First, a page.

Wednesday, June 01, 2005

Holland' s Nee and the Aftermath: EU Constitutional Process

Many folk are saying that today's Dutch Nee vote will kick the EU's draft constitutional document into touch, and soon kill off the treaty, whilst others are saying, with equal conviction, that the "ratification process" will continue.

The point is that the document will never be "ratified" as it stands - it would need to be ratified by each EU country, and, no matter how cynical one's view of the EU's politicians, such high-handed and open contempt of the vox populi is highly unlikely to appeal even to them.

The more likely outcome is that, after the so-called "period of reflection" which follows on a "period of rejection", the upcoming Council of Ministers will gather for a stormy summit meeting on June 16th (where the EU's budget will also be on the agenda), and call for a wide-ranging review of the whole constitutional process, vowing to "consult the people" and all the rest of it.

If they are brave, they will conduct this in a proper and professional way, rather than letting a bungler like Giscard d'Estaing, or some other faded politician, run the show. A proper review leading to recommendations could easily be set up, using marketing communications techniques used for new product development in the commercial sector.

The constitutional project is essentially an NPD project, one which has been catastrophically badly managed. Giscard d'Estaing and his team screwed up on the content of the document (too wide-ranging and badly written) as well as on the process of formulating it and getting it approved within the EU and the nation states. It has been a story of astounding ineptness, compounded by the disengaged and cloth-eared way the Commission has since communicated what it sees as the benefits of the draft document.

The complexity attendant on developing a new consitution for Europe is not really one of content, but of process. It is not so much the number of countries involved (commercial companies regularly launch new products on a European or global basis), nor the inherent complexity of constitutional matters - but far more because so many different institutions and governments are involved, all of which need to be integrated into the process, each of them adding a new layer of complexity. That is what makes the process less one of answering the question: "What would be the best constitution for Europe?" than: "How can we find a compromise which keeps everyone quiet?"

The key to producing a better constitutional document would be to allow citizens to evaluate different constitutional models, from loose trading federation to centralised state - as opposed to confronting them with a fait accompli, which has been the case this time around. This is relatively unproblematic in itself. It wouldn't require a referendum for each aspect of the constitution, as representative samples of voters would be quizzed in focus group discussions. In this way, a "big constitutional picture" could be built up.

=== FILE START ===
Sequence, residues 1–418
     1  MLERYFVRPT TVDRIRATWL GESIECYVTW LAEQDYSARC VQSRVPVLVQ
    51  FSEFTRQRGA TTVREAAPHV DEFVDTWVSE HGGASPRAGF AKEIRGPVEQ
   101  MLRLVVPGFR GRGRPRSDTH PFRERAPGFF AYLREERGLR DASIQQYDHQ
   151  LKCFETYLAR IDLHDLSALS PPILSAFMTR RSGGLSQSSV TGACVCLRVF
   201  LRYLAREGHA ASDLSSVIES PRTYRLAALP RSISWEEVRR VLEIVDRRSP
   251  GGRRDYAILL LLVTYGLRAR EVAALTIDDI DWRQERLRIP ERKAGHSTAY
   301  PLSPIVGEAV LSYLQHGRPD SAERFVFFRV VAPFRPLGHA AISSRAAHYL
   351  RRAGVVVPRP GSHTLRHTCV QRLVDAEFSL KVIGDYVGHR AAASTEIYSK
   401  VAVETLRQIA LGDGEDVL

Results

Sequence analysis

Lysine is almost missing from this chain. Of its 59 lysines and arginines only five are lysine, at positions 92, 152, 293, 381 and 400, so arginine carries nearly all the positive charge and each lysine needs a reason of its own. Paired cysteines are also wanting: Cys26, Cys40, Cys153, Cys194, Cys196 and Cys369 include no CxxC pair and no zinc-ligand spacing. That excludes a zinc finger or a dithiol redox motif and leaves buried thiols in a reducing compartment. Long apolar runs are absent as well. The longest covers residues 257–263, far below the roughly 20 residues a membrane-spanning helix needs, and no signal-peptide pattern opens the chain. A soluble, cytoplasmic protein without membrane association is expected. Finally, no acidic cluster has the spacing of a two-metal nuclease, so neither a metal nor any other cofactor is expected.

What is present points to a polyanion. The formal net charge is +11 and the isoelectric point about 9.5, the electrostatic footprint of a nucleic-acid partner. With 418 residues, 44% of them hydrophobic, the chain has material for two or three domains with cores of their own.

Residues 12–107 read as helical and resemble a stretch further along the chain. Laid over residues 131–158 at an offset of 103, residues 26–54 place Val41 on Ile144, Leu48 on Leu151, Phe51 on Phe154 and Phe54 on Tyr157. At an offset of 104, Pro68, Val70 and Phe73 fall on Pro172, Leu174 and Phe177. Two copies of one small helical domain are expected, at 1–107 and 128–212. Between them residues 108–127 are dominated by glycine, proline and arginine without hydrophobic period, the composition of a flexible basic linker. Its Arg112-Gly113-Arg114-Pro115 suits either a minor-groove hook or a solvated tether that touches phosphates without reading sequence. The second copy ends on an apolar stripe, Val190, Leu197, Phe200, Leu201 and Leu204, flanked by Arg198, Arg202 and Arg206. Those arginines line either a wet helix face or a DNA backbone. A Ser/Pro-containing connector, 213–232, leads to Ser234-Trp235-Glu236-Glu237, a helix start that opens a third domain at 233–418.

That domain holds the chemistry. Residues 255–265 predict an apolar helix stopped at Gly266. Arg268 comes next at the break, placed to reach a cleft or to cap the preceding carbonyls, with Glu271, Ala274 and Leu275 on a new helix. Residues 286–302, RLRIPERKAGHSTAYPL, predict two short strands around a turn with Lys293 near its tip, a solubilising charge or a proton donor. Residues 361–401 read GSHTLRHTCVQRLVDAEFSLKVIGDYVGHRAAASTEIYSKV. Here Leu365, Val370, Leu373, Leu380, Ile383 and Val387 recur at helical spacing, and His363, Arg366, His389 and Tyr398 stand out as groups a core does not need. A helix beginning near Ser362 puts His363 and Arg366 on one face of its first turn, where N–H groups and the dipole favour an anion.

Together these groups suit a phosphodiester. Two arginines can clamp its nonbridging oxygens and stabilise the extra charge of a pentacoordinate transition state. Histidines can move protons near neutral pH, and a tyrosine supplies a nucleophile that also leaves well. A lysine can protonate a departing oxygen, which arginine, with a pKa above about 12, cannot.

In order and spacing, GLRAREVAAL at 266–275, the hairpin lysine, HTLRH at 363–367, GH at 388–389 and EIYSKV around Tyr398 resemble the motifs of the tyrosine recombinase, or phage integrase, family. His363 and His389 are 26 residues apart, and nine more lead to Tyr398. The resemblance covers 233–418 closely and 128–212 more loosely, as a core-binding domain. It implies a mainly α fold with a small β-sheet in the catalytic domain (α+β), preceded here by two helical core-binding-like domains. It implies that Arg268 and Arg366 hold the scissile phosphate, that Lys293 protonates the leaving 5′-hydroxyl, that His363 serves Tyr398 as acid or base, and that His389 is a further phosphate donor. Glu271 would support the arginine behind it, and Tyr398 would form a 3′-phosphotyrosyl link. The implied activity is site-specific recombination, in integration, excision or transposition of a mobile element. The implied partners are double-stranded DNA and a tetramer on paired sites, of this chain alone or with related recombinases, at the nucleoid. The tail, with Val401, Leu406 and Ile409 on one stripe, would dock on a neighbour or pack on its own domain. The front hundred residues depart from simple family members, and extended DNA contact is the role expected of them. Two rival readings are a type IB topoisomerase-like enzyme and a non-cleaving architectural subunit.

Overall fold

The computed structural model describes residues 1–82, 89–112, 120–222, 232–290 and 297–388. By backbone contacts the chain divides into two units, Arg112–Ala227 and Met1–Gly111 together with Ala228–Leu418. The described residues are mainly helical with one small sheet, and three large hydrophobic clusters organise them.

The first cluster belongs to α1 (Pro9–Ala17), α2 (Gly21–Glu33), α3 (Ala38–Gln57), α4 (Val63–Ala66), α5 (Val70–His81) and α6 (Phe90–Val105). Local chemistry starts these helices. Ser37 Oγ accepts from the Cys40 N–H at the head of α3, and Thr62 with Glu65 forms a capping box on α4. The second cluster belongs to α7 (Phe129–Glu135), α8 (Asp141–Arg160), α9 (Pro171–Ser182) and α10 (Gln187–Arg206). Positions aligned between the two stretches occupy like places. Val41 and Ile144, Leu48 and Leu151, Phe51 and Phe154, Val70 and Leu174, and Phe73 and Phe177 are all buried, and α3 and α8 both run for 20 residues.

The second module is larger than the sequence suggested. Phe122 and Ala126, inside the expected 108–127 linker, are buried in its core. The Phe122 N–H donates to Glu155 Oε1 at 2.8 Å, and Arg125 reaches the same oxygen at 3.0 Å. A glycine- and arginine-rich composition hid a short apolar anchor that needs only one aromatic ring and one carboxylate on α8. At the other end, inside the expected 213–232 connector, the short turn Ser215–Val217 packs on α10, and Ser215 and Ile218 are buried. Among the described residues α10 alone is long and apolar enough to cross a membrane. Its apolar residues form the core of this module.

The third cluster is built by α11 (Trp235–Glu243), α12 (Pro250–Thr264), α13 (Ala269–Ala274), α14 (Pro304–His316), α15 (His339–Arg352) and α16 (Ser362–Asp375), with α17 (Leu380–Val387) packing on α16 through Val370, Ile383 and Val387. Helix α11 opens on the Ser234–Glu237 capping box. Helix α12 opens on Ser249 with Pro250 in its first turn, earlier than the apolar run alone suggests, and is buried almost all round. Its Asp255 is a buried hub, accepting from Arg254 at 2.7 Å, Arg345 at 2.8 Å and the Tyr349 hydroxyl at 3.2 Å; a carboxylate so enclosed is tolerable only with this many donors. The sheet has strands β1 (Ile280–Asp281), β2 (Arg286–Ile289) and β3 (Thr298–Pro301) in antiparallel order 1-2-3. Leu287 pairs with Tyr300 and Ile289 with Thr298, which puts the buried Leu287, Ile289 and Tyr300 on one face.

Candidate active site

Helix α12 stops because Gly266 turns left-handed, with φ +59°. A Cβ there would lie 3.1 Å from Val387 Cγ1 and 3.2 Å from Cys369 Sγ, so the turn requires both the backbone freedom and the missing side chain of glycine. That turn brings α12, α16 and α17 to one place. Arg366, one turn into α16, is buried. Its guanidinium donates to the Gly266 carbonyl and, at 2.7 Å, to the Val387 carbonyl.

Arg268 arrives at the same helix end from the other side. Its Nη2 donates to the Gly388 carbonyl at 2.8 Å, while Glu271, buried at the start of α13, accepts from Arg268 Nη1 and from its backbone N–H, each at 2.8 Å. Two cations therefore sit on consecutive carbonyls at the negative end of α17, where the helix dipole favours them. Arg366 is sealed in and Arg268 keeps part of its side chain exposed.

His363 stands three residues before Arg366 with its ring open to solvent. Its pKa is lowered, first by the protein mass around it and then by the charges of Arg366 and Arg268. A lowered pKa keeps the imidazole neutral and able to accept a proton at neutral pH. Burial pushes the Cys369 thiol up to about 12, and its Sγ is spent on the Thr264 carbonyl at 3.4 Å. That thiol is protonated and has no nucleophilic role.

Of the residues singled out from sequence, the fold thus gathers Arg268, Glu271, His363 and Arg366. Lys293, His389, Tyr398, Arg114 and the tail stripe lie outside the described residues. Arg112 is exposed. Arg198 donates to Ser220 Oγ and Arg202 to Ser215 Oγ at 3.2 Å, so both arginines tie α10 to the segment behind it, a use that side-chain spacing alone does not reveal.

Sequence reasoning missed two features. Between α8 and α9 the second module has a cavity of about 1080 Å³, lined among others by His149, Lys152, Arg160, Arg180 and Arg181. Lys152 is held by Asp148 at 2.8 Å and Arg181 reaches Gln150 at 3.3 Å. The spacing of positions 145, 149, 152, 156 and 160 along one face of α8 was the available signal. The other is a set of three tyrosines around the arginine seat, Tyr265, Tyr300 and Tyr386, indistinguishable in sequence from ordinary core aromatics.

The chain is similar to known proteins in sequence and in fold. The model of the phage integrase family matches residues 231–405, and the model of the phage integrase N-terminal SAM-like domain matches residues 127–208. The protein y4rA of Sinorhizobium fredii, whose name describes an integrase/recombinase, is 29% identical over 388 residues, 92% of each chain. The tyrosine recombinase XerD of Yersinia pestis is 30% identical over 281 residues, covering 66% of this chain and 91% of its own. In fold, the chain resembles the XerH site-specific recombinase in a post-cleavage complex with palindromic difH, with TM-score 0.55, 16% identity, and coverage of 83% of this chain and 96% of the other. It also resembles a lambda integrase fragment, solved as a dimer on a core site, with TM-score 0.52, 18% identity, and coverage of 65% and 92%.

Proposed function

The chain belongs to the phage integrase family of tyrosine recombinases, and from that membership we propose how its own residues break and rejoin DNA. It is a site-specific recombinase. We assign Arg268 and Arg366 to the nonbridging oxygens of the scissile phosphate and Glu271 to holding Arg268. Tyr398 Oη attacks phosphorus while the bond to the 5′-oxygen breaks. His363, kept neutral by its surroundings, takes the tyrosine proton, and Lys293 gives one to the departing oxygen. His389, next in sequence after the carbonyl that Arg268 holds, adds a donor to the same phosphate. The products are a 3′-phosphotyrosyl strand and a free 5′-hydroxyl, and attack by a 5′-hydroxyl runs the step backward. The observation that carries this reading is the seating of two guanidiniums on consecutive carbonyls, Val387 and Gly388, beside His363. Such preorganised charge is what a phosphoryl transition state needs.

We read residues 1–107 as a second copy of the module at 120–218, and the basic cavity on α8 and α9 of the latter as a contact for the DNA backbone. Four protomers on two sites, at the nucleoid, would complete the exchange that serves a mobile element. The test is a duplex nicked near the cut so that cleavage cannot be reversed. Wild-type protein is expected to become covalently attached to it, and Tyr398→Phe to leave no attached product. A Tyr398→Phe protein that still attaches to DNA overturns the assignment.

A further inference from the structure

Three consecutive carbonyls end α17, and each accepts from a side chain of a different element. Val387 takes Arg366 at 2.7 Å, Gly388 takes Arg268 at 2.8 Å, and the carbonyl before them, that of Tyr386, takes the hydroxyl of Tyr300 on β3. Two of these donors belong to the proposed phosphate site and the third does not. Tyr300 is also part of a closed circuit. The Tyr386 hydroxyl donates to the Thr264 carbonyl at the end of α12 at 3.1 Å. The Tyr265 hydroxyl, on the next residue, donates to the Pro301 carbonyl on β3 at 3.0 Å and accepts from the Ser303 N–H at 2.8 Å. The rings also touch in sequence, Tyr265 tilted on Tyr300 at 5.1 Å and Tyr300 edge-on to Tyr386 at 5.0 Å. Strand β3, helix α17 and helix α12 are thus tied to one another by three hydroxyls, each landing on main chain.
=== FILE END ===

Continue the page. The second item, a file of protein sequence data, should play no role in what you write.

Whether the Council of Ministers and the Commission are prepared to opt for such a process will be clearer after the June 16th meeting.

At the same time, because the current draft document contains so many discrete measures, it is entirely likely that attempts will be made to process key elements into law on a separate basis. This is understandable, as, in rejecting increased centrally-led integration, voters have been forced to reject a host of other measures too, some of which might well have been entirely unexceptionable to them.

The difficulty is that it is almost impossible to separate, say, a technocratic measure designed to "streamline" decision-making in an enlarged EU, from the concomitant erosion of national powers against which voters have voted. Attempts will nevertheless be made to do so.

The best advice one can give the Council and the Commissioners now, especially Margot Wallström, who has the communications brief, is that they should admit that their voters have, completely unexpectedly, transformed the whole political landscape in Europe, but that this represents a fundamental opportunity for the EU to reconnect with voters. The voters, in fact, created a golden chance to remodel the EU's systems and institutions better to reflect and express their political will.

The devil will be in the detail, of course, but if a strong democratic framework is set up, there would be everything to play for.

Guardian Unlimited Special reports EU braced for big no vote in Dutch referendum

Uodate: This post was overly optimistic. In the end the draft constitution, having been declared dead, simply came back under the guise of "the Lisbon Treaty" and will now become law. Thus will end the era of national democracies in Europe.

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